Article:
Bioavailability and micronutrient suitability of protein sources.

Executive summary

Consumers are becoming more aware of the impacts of their food choices on their health and on the environment. Many people believe that animal source foods are detrimental to both of these factors, whilst consuming only plant source foods will alleviate these problems. In the age of technology, misinformation and disinformation are easy to access and the health and nutrition sectors are not immune from this problem.

However, the notion that global health and environmental problems will be fixed by simply eliminating a particular food group is an overly simplistic view of a complex and dynamic situation. Dispelling misinformation and disinformation is imperative to making informed dietary choices, both on an individual basis but also from a policy making point of view.

The objectives of this report were to investigate the bioavailability of protein and micronutrients from different protein sources, and to evaluate the suitability of plants source foods to provide adequate levels of protein and micronutrients to support optimal human health. A review of literature was conducted in conjunction with an interview of a leading scientist in human protein nutrition to analyse the role of protein in dietary choices. This allowed me to draw key themes, apply critical thinking to research and themes, and identify areas of crucial importance.

The gastrointestinal tract and physiology of the human body differs from herbivorous mammals; humans are not able to synthesise the entire range of amino acids and micronutrients endogenously. These amino acids and micronutrients must then be sourced from the diet to ensure optimal health.

Protein quality is characterised by the amino acid profile of the protein, and the ability for this amino acid to satisfy the amino acid requirement of the person consuming the protein. Protein quantity in a diet is irrelevant if the protein in the diet is deficient in essential amino acids; amino acid deficiencies can still occur in someone consuming more protein than required if the protein being consumed doesn’t contain sufficient quantities of the most limiting amino acid in the diet.

The ability for nutritional and medical researchers to study human nutrition has limitations due to the constraints involved with this nature of research. Large scale research relies on evidence supplied by individuals which can be subjective. Small scale, more detailed research is extremely variable as each person will respond to the same treatment in a different manner, and this is influenced by many physiological factors.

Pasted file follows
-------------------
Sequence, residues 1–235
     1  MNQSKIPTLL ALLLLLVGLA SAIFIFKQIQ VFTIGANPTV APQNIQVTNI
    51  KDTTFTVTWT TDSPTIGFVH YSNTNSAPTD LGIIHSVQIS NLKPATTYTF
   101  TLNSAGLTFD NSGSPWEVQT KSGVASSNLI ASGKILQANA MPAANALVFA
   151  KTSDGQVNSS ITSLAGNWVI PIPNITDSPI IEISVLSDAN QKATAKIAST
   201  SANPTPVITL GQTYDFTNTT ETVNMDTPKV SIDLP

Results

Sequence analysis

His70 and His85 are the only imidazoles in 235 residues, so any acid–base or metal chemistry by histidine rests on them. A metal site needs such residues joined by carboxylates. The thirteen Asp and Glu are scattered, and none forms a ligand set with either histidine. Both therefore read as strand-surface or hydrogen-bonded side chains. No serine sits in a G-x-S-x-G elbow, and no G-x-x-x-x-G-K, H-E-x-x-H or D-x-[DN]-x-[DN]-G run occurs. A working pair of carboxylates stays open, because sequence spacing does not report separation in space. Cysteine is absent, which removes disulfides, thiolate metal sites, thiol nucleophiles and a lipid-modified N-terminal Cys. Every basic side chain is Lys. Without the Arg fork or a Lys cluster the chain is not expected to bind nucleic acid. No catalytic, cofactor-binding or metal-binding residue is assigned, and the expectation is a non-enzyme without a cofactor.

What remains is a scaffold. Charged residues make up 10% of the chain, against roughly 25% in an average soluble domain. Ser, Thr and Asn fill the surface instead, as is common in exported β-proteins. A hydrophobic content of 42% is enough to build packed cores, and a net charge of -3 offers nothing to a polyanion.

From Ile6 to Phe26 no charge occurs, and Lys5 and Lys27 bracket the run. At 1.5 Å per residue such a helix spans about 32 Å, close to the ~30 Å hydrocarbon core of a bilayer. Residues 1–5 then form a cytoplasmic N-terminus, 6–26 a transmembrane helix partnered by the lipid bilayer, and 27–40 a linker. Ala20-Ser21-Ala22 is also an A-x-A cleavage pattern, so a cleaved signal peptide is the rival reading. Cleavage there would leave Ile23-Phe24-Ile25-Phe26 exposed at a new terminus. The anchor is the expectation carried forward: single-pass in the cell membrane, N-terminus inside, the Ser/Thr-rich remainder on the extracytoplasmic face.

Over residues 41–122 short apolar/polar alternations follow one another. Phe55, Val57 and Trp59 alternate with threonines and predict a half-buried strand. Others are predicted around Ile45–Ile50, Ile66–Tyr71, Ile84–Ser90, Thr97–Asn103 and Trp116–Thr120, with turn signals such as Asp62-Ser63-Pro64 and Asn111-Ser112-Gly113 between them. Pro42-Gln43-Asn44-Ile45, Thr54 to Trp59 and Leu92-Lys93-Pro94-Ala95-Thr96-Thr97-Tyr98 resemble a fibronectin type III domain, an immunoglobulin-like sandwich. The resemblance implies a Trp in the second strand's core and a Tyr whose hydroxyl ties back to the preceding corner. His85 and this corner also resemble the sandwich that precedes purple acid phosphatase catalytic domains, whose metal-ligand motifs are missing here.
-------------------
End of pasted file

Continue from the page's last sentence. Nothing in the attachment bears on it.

Furthermore, the research is highly invasive, and endogenous biological processes mean that it is often not 100% accurate. Nutritional research using animals also has limitations due to interspecies physiological differences. As a result of these factors, there is strong discord amongst nutritional researchers as to dietary recommendations.

The bioavailability of proteins is defined by the digestibility of the protein, the chemical integrity of the protein and the interference in the metabolism of the protein from other compounds in the food matrix. Research has found animal source proteins to have higher bioavailability than plant source proteins.

Furthermore, animal source proteins are also rich sources of micronutrients, which also have high bioavailability for humans. In plant source foods, whilst they may contain micronutrients important for human health, these micronutrients may not be in a form which can be absorbed and utilised by humans, rendering the micronutrient no use.

Micronutrient deficiencies and amino acid deficiencies are widespread in populations who rely on staple based diets. These diets are confined to a small range of nutrients due to geographical and financial constraints. The incorporation of animal source proteins in these diets would aid in alleviating malnutrition amongst these populations by providing both high quality proteins and a wide range of bioavailable micronutrients.


  • Advocate for scientific verification when policy is created with respect to restrictions on food groups.
  • Invest into food security and agricultural sustainability in third world countries to allow them to be self-sufficient and free from malnutrition.
  • Understand the research accurately to ensure confounding factors don’t influence interpretation of nutritional research.
  • Reduce restrictions on productivity to ensure malnourishment and food scarcity doesn’t worsen in vulnerable populations due to policy decisions in wealthy countries.
  • Identify limitations in a diet where food groups are eliminated.
  • Advocate for accuracy on food labelling to inform consumers of true nutritional value of foods.
  • Take ownership of the promotion the wholesome benefits of our products.
  • Ensure perceived environmental benefits of dietary choices are accurate.

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